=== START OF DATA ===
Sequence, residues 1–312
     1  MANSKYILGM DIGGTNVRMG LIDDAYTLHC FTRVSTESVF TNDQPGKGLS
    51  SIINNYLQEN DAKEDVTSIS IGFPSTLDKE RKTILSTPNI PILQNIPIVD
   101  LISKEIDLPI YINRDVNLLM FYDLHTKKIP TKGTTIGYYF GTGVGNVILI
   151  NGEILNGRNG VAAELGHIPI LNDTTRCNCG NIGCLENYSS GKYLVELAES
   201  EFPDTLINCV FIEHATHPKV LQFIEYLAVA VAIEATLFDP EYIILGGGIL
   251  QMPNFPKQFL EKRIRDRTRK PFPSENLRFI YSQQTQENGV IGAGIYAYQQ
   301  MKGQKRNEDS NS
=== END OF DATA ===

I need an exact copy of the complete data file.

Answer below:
Sequence, residues 1–312
     1  MANSKYILGM DIGGTNVRMG LIDDAYTLHC FTRVSTESVF TNDQPGKGLS
    51  SIINNYLQEN DAKEDVTSIS IGFPSTLDKE RKTILSTPNI PILQNIPIVD
   101  LISKEIDLPI YINRDVNLLM FYDLHTKKIP TKGTTIGYYF GTGVGNVILI
   151  NGEILNGRNG VAAELGHIPI LNDTTRCNCG NIGCLENYSS GKYLVELAES
   201  EFPDTLINCV FIEHATHPKV LQFIEYLAVA VAIEATLFDP EYIILGGGIL
   251  QMPNFPKQFL EKRIRDRTRK PFPSENLRFI YSQQTQENGV IGAGIYAYQQ
   301  MKGQKRNEDS NS